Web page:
Late Guy Fawkes afternoon, the last bit of daylight before we turned the clock back an hour from “savings” to standard, I hiked up into the hills. It’s one of the best things about living here in Berkeley, the fact you can stroll out your front door and walk for miles and miles in any direction; and if you choose to head east and up, you’ll soon be far above the grid of city streets.
It was a misty, drizzly afternoon, with clouds hanging low. Less than half an hour from home, I reached the point where those clouds manifested themselves as fog and the mist and drizzle turned to on and off rain. I stopped at La Loma Park, an old quarry whose main features are a nice playground and baseball field, a working restroom, and, in clear weather, a view over the town below.
I stayed and listened. The dusk deepened and the fog seemed to dampen the noise that normally would wash up the hills from the freeway and street traffic and trains below. A single bird — a great horned owl if an app is to be believed — began calling.
After 15 or 20 minutes, I continued up the hill as it got dark, taking a series of stairways that bring you all the way up to Grizzly Peak Boulevard. Then it was downhill through the rain and fog in the dark.
All this reminded me of a nighttime walk many years ago, when my friend Gerry and I landed on the doorstep of a distant Irish cousin, Michael Joe O’Malley, for a nearly monthlong stay. This was on an island off the coast of County Mayo where at the time very few dwellings had electricity. There were no paved roads. Streetlights? No. One evening we hiked in the rain over to another cousin’s home. It might have been 10 o’clock when we departed on our return walk. The more civilized route would have been along a shore road to the dock and post office, the center of a little collection of houses. Instead, we walked up the road (a muddy track, really) over a steep ridge that led more directly to Michael Joe’s. I see from the journal I kept that the weather was clearing on the way back, and the moon was up. But on some stretches of the road, the darkness felt close and absolute, so dark, in fact, that I walked straight into a gate across the road without seeing it. It was kind of thrilling to be out alone in such a remote place by ourselves.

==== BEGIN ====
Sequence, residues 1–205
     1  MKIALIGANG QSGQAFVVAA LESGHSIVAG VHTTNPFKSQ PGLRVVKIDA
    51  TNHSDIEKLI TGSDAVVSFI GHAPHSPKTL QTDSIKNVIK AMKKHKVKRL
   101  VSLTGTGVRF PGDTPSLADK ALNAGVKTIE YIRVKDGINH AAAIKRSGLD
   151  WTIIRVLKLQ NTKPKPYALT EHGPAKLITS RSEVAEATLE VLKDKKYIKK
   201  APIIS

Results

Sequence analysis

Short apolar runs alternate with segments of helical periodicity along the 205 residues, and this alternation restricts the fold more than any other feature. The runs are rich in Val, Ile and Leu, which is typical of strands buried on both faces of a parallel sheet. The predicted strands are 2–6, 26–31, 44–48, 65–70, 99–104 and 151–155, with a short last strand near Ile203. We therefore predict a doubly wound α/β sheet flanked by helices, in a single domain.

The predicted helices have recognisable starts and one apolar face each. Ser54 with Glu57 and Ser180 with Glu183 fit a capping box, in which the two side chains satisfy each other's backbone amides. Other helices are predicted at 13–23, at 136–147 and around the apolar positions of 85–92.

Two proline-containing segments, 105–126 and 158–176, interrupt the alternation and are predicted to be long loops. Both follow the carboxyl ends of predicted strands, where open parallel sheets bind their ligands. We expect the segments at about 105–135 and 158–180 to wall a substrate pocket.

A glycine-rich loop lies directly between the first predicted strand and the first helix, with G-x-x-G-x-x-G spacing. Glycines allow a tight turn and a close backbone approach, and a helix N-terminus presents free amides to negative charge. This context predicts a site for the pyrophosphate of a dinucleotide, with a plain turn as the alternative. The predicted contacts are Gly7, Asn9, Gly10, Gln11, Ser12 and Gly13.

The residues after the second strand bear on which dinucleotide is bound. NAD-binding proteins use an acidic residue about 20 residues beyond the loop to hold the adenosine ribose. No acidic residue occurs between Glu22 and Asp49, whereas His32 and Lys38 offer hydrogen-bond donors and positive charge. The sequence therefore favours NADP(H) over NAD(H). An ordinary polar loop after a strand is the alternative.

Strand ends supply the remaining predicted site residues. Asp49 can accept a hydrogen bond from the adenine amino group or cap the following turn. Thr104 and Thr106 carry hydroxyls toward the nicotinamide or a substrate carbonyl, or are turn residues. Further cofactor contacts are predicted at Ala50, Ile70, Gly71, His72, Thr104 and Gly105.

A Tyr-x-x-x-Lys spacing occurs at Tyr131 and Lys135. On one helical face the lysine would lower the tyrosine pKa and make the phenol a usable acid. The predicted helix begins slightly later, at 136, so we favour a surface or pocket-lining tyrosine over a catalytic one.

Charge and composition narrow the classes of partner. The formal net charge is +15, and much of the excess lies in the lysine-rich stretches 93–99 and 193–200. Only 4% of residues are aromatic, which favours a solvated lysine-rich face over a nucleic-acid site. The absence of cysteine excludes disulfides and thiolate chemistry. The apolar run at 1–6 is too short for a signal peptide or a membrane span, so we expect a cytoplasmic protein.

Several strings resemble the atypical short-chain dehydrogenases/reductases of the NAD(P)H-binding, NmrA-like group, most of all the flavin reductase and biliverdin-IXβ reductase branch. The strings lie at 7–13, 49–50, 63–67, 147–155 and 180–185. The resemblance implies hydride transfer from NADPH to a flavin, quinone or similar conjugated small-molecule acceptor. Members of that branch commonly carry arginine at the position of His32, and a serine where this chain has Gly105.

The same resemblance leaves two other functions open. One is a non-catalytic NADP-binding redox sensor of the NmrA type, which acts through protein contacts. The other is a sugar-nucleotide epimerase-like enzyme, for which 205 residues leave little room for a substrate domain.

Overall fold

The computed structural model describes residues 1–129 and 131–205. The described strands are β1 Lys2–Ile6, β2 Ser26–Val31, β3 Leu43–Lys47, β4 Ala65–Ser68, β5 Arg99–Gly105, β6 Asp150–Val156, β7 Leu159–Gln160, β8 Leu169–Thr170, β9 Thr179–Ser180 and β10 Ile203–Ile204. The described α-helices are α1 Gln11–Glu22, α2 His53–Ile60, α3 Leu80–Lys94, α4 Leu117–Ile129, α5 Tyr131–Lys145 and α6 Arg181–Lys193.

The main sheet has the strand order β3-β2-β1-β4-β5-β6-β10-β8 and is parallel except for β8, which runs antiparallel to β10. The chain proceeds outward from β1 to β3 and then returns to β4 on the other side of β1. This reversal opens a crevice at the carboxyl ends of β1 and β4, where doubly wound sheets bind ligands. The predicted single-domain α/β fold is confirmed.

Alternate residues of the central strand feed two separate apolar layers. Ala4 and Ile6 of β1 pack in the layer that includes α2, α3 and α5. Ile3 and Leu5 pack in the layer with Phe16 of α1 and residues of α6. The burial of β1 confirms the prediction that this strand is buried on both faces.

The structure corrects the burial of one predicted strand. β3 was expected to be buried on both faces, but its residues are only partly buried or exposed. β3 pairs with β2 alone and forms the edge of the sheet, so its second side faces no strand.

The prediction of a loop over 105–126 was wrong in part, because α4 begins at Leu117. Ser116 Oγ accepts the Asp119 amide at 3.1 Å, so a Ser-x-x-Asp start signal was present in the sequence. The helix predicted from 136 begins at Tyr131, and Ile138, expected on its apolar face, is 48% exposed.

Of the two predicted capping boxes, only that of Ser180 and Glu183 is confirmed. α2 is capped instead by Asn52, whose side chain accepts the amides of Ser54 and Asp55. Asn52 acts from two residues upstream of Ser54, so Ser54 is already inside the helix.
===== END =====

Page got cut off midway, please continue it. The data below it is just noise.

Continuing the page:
When we got back to Michael Joe’s, he was up listening to the BBC, as always.
“Did you walk up?” he asked. “Yeah. Up around the back,” I said.
“Around the dock?” “No, up around the back way.”
“Over the mountain?” “Yes.”
“Was it wild?”
And there was something in the way Michael Joe asked that last question that has stuck in my brain all these years without ever looking at the journal entry from that night. “Was it wild?” The way I heard it, anyway, he was asking whether we recognized what an adventure we’d just had and what we thought of it. My answer, in the moment, was, “It was beautiful.”
I have no way of really remembering what we saw as we walked “over the mountain” that night. My journal talks about moonlight on the sea, clouds scudding past, the sight of the shoreline on the mainland and nearby islands, the sound of the wind.
The Berkeley hills are not the west of Ireland, of course. Too much light. Too many cars with too-bright headlights. Houses crowded one upon the other ablaze with light. Yet that gloom in the city park and in the winding streets was wild in its own way.